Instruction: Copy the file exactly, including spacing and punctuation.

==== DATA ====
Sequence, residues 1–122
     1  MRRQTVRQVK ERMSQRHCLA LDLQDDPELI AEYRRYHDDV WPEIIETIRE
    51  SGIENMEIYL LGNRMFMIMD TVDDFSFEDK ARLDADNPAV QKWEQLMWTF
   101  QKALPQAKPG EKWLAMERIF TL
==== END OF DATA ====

Sequence, residues 1–122
     1  MRRQTVRQVK ERMSQRHCLA LDLQDDPELI AEYRRYHDDV WPEIIETIRE
    51  SGIENMEIYL LGNRMFMIMD TVDDFSFEDK ARLDADNPAV QKWEQLMWTF
   101  QKALPQAKPG EKWLAMERIF TL